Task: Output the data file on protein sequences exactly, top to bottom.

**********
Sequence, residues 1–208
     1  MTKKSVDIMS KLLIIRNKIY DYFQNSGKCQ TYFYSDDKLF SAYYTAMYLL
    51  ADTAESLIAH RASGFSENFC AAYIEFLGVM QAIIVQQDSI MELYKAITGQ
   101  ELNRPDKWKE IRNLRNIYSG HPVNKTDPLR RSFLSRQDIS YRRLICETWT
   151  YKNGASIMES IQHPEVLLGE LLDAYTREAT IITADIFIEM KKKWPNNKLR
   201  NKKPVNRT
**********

Sequence, residues 1–208
     1  MTKKSVDIMS KLLIIRNKIY DYFQNSGKCQ TYFYSDDKLF SAYYTAMYLL
    51  ADTAESLIAH RASGFSENFC AAYIEFLGVM QAIIVQQDSI MELYKAITGQ
   101  ELNRPDKWKE IRNLRNIYSG HPVNKTDPLR RSFLSRQDIS YRRLICETWT
   151  YKNGASIMES IQHPEVLLGE LLDAYTREAT IITADIFIEM KKKWPNNKLR
   201  NKKPVNRT